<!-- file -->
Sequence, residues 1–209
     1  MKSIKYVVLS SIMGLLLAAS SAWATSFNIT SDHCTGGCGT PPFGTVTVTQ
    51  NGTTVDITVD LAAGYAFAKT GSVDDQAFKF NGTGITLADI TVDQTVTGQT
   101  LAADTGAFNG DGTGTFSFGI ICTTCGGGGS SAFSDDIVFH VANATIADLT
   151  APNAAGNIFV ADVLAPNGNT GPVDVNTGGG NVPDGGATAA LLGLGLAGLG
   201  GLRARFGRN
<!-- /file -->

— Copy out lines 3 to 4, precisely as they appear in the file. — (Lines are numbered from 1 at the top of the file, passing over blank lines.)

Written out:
    51  NGTTVDITVD LAAGYAFAKT GSVDDQAFKF NGTGITLADI TVDQTVTGQT
   101  LAADTGAFNG DGTGTFSFGI ICTTCGGGGS SAFSDDIVFH VANATIADLT